Kanturk has a trout fishing club which maintains the rivers that flow through the town. The Dalua from Newmarket flows into the Allow (Freemount River) in the centre of the town. A further 2 km (1 mile) south of the town the river Brogeen flows into the Allow. The Allow joins the River Blackwater; known for its salmon fishing, a further 3 km (2 mi) downstream at Leaders Bridge on the N72 Mallow to Killarney road. In recent years[when?] the club installed a salmon pass in Kanturk Park and repaired the damage done in previous decades aimed at flood prevention. The club is frequently represented on the international stage, with Kanturk Trout Anglers Association entering senior, ladies and juvenile members on the 2007 TAFI (Trout Anglers Federation of Ireland) world championship teams.
- Rail: Kanturk is served by the nearby Banteer railway station, which is 6 km (4 mi) from Kanturk. The town's one-time railway station opened on 1 April 1889, closed for passenger traffic on 27 January 1947 and finally closed altogether on 4 February 1963.
- Bus: Kanturk is served weekdays by four buses a day from Cork to Mallow, one of which continues to Cork. On Saturdays, there is a single bus service to Cork via Mallow. Kanturk is unserved by bus on Sundays.
- Air: Kanturk is 51 km (32 mi) from Kerry Airport. A wider range of air services is available from Cork Airport, which is 61 km (38 mi) away.
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Kerry Airport is accessed by rail from Banteer railway station. Cork Airport is accessed by taking the bus to Cork or the train from Banteer to Cork and switching to the city bus service at either Parnell Place Bus Station or Kent Station respectively. Otherwise both airports may be accessed by private car.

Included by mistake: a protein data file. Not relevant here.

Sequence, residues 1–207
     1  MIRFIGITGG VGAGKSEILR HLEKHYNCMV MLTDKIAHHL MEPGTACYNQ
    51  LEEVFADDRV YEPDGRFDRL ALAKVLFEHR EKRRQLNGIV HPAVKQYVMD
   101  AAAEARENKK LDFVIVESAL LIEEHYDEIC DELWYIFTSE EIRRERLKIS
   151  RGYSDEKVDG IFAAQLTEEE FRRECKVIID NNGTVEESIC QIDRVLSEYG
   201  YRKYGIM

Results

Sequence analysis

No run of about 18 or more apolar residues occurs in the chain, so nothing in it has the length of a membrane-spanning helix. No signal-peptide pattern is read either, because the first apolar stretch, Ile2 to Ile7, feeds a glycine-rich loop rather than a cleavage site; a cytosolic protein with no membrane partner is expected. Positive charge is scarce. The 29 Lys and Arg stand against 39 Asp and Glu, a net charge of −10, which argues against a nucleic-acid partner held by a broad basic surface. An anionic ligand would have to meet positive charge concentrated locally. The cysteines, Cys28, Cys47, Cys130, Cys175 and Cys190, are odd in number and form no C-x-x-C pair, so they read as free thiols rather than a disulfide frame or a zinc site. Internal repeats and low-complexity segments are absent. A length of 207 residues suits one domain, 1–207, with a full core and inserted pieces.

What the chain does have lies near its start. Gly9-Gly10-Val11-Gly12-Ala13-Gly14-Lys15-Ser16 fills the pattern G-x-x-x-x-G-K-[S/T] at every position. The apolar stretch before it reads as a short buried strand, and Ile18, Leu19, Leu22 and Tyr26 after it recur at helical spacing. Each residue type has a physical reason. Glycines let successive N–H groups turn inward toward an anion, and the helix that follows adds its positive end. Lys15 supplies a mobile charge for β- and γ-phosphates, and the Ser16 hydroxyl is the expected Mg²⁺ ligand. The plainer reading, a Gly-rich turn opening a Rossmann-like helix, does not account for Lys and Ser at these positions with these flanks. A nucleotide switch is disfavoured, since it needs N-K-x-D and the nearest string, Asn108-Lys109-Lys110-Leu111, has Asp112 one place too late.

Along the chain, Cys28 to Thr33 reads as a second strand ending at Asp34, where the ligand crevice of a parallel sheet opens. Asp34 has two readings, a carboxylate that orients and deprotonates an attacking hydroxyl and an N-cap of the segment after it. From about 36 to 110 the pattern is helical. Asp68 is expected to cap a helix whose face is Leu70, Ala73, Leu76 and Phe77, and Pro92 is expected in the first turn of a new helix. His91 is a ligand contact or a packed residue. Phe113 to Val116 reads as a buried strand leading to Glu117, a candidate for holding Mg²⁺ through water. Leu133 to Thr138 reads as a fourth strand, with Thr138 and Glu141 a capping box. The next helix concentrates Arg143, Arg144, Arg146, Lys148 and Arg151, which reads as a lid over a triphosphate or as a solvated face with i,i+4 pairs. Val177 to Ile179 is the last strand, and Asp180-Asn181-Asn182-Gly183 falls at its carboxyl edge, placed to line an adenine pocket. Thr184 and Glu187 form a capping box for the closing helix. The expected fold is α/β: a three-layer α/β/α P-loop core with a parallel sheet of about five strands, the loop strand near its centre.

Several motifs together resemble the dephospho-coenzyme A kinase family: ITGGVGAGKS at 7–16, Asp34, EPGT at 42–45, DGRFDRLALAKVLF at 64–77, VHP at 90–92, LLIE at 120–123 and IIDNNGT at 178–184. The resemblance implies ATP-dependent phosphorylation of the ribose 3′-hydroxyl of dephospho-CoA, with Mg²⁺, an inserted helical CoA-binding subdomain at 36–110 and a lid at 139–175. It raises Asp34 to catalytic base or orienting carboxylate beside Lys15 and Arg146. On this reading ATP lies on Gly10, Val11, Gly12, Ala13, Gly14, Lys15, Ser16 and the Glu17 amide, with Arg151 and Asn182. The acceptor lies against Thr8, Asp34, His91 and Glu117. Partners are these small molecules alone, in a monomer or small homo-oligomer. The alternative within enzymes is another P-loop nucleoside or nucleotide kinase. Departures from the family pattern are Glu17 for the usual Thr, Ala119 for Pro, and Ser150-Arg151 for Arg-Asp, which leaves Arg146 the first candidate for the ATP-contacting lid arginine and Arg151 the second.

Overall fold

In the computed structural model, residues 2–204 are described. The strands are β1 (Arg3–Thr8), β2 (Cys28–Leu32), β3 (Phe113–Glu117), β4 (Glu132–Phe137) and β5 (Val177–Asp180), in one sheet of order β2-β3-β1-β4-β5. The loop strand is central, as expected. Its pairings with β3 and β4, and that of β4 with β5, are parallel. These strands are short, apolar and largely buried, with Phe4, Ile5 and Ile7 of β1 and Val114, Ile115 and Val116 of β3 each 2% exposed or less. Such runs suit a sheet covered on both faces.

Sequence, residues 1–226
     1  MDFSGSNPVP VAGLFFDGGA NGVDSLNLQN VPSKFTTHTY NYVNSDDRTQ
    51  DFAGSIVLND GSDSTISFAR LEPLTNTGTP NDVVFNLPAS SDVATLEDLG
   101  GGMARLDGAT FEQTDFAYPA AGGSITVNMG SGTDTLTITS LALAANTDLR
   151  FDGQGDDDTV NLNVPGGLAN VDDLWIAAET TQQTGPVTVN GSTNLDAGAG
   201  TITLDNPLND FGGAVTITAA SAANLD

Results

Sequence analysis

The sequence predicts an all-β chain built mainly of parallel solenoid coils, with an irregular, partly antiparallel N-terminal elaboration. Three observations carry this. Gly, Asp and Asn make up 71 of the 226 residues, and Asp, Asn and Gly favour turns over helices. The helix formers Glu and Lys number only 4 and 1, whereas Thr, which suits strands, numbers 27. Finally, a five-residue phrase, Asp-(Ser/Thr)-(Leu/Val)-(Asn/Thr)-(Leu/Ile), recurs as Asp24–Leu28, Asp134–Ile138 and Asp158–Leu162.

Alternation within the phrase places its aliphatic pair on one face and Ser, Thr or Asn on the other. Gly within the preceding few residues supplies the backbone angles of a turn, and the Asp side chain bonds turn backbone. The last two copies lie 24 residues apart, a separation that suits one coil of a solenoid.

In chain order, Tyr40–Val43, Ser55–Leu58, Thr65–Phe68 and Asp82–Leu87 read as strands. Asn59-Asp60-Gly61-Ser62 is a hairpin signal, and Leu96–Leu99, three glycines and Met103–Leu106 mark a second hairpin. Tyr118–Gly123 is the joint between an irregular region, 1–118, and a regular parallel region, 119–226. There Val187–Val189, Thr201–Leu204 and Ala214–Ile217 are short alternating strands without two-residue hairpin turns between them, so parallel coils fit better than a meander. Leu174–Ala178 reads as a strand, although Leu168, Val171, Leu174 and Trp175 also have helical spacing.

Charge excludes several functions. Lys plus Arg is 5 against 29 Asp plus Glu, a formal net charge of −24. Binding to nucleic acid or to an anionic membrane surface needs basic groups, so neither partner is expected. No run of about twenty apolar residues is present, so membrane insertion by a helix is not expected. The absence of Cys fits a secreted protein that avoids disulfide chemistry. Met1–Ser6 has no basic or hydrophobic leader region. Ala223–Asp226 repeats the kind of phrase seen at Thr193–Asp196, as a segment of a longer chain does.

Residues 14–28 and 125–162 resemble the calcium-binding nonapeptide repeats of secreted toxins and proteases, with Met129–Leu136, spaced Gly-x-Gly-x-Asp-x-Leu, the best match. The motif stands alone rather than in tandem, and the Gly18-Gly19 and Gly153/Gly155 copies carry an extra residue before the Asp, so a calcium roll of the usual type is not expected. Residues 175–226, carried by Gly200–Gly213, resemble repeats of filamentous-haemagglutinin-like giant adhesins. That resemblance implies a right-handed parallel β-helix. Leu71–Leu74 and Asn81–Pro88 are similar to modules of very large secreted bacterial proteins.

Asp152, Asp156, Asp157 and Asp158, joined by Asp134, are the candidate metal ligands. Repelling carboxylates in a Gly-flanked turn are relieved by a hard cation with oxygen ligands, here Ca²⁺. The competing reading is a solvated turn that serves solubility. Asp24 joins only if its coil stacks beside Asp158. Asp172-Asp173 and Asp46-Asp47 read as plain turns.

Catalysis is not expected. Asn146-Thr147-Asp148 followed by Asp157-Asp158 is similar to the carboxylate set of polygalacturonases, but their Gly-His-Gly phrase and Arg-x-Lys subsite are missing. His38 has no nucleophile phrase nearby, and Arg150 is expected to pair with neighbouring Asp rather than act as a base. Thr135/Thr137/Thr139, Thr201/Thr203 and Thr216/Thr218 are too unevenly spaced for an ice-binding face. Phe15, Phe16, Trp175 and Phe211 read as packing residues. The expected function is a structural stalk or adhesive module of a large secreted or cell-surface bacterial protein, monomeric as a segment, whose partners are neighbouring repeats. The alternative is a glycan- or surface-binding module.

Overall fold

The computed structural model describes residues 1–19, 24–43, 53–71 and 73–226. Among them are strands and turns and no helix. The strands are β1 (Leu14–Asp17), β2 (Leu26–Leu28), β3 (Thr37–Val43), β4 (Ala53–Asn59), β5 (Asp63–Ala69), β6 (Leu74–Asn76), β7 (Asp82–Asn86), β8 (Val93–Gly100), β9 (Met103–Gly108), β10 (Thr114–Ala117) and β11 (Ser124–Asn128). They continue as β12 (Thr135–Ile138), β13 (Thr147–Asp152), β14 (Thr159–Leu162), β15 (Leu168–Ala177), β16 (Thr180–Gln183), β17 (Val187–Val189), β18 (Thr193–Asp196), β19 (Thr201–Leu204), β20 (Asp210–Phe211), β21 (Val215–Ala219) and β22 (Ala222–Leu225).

People of note from the area include:
- Barry Yelverton, 1st Viscount Avonmore (1736–1805), politician and judge.
- Thady Quill (1860–1932), historical rake.
- Patrick Guiney (1862–1913), agarian agitator & N. Cork nationalist MP from 1910 to 1913
- Philip Francis Johnson (1835-1926), politician, labour activist and local hotel proprietor
- D. D. Sheehan B.L. (1874–1948), labour activist and parliamentarian MP from 1901 to 1918
- Hanna Sheehy-Skeffington (1877–1946), suffragette and author
- Sean P. Keating (1903–1976), I.R.A. member, became Deputy Mayor of New York City.
- Pat O'Callaghan, Dr. (1905–1991), twice Olympic Gold Medal winner
- Pádraig A. Ó Síocháin S.C. (1905–1995), author and Irish language activist
- Edel Quinn (1907–1944), missionary worker declared Venerable in 1994
- Kanturk Library Homepage
- "Kanturk station" (PDF). Railscot – Irish Railways. Retrieved 16 October 2007.
- Census for post 1821 figures.
- Lee, JJ (1981). "On the accuracy of the Pre-famine Irish censuses". In Goldstrom, J. M.; Clarkson, L. A. Irish Population, Economy, and Society: Essays in Honour of the Late K. H. Connell. Oxford, England: Clarendon Press.
- Mokyr, Joel; O Grada, Cormac (November 1984). "New Developments in Irish Population History, 1700–1850". The Economic History Review. Volume 37 (4): 473–488. doi:10.1111/j.1468-0289.1984.tb00344.x.